Explorer Hop Review: Toronto Star
A group of Toronto kids raised $40,000 for charity during COVID. Here’s how.
File this under “reasons to believe in the next generation.”
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In Toronto’s Explorer Hop entrepreneurship program, kids create a business in a single week, and all the proceeds go to charity. During the pandemic alone, the groups have raised more than $40,000 through magic shows, virtual concerts and live cooking demonstrations. “These kids have risen and delivered in such an outstanding way,” says Hasina Lookman, Explorer Hop’s founder and CEO. “More than anything, they believe in making change in the world.”
We asked six of the kids to share their thoughts on giving back as well as their hopes for 2021 in six words, a form of memoir popularized by Ernest Hemingway.
Avery Hanlon, 11
Business created: Lockdown Leftovers Cookbook. Inspired by empty grocery store shelves during the early days of lockdown, Avery and her team of eight- to 12-year-olds created recipes and drawings and published their own cookbook on Amazon. The $350 raised so far will go to the Toronto Zoo.
Avery on giving back: “The best parts were raising money for a cause my friends and I believe in and having a lot of fun doing it.”
Avery’s hope for 2021 in six words: “Remember our strength. Grateful when together.”
Lincoln Dugas-Nishisato, 10
Business created: Virtual Holidays with Teens. Lincoln and fellow entrepreneurs formed a virtual-travel company that took viewers around the world, from travels through India to a safari in Kenya. The $500 they raised allowed 25 babies in war zones to be born safely through Doctors Without Borders.
Lincoln on giving back: “The best thing about giving back is knowing that even though some people are suffering, you can help them and change their lives for the better.”
Lincoln’s hope for 2021 in six words: “Safety, reconciliation, empathy, humanity, coexistence, prosperity.”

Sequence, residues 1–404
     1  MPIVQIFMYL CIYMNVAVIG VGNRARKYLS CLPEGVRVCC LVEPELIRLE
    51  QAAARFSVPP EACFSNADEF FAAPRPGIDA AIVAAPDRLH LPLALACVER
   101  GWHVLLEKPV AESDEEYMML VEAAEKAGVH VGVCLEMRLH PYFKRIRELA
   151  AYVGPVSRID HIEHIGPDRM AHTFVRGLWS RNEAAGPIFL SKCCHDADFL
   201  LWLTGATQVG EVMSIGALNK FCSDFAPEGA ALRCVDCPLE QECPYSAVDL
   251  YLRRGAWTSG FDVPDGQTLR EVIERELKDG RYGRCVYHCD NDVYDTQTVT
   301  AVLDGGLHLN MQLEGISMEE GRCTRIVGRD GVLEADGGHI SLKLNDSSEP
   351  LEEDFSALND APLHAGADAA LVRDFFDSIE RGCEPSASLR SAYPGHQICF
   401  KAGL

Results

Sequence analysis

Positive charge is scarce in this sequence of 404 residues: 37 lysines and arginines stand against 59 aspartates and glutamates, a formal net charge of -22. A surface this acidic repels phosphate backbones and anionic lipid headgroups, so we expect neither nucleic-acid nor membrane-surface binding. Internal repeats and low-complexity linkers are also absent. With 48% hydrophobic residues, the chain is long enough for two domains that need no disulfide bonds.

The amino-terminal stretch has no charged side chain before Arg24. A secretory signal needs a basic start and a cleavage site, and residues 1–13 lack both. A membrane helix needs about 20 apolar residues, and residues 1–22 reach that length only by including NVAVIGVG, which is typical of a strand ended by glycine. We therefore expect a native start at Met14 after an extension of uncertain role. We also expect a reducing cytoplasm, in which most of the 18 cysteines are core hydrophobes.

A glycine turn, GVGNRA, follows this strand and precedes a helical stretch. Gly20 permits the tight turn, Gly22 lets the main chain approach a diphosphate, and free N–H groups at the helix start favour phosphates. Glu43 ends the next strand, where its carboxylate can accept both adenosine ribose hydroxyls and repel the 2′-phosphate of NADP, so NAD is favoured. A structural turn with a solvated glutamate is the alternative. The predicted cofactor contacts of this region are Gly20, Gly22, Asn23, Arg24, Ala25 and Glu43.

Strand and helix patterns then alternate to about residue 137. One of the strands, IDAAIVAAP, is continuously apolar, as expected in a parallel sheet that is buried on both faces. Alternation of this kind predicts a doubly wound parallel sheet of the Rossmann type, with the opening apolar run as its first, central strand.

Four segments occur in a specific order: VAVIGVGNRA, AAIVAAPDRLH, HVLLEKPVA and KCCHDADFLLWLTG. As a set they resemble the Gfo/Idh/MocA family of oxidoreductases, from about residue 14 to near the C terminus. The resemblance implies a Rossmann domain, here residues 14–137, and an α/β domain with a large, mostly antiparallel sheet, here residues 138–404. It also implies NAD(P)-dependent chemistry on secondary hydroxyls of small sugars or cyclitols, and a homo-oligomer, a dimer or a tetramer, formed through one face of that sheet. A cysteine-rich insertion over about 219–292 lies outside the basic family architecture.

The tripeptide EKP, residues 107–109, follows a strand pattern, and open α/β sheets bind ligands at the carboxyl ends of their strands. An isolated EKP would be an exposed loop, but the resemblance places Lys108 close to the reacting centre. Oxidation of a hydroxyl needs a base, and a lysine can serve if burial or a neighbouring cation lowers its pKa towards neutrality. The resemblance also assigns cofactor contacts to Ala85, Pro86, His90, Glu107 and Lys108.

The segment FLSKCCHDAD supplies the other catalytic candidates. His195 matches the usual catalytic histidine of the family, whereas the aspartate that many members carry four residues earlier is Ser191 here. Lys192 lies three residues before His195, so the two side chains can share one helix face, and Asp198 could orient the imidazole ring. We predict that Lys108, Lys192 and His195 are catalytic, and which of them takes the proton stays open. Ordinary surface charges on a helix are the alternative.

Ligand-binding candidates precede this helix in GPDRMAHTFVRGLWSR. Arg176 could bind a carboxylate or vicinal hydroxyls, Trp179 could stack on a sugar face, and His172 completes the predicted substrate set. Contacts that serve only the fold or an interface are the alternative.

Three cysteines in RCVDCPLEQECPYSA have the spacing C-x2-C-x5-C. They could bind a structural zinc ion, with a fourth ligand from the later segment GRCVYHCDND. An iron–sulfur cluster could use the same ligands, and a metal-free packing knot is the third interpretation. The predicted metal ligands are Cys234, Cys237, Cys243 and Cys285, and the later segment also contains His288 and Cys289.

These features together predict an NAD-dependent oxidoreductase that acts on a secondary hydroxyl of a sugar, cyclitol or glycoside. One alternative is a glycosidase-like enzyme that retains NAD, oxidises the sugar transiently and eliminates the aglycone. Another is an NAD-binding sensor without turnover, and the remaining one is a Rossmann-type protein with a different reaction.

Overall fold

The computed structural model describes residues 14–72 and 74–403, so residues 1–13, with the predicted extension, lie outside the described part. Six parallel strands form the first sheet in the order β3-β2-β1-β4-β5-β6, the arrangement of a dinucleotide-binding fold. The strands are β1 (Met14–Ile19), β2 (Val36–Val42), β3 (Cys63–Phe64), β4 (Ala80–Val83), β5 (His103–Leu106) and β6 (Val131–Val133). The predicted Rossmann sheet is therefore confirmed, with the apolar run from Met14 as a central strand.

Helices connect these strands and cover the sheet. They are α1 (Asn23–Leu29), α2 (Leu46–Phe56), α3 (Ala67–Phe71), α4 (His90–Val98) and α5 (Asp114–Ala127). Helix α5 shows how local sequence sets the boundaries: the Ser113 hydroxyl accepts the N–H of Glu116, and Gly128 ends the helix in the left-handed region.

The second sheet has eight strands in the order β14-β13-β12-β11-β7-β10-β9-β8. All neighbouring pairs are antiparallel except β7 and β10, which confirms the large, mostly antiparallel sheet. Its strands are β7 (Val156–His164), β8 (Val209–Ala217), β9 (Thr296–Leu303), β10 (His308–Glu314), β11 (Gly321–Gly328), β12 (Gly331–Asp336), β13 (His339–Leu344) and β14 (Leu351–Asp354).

Mirabella Kolodkin, 13
Business created: Couch Potato Fitness. Mirabella’s group created a live fitness workout that raised more than $700. This allowed Doctors Without Borders to safely deliver 7,000 vaccines to war zones.
Mirabella on giving back: “The best thing is realizing I can make an impact on the world.”
Mirabella’s hope for 2021 in six words: “World becoming better for all people.”
Noah Backman, 12
Business created: Together Apart Concert. During the first lockdown, Noah and his Toronto team worked with a group of teen entrepreneurs from Dubai, France and Bulgaria to create an international music concert to lift people’s spirits. The concert raised $620, which allowed for 1,200 kids in Rwanda to have music lessons with Musicians Without Borders.
Noah on giving back: “I love the feeling you get knowing that you have made a positive difference in someone’s life”.
Noah’s hope for 2021 in six words: “COVID will come to an end.”
Leianna Leong, 13
Business created: Kid Chef Canada. Leianna and her team created a live cooking show that showcased food the kids made themselves. In two hours, they raised more than $1,100 for Doctors Without Borders, which provided meals for 1,400 kids in Yemen.
Leianna on giving back: “The joy of giving and the opportunity to contribute to a worthy cause that benefits those who are less fortunate has given me a sense of pride and accomplishment. It has also helped me appreciate what I do have.”
Leianna’s hope for 2021 in six words: “We need CPR: Compassion, patience, resilience.”
Teddy Finkelstein, 9
Business created: Force For Good. Teddy was part of a group of Select Class A hockey players who created their own Instagram page for sharing “secret hockey moves” in exchange for donations to the Daily Bread Food Bank. In one week, they raised almost $6,200, which fed more than 6,000 people in Toronto.
Teddy on giving back: “It feels good to help people and make a better community.”
Teddy’s hope for 2021 in six words: “Unplug, together again, coming through stronger.”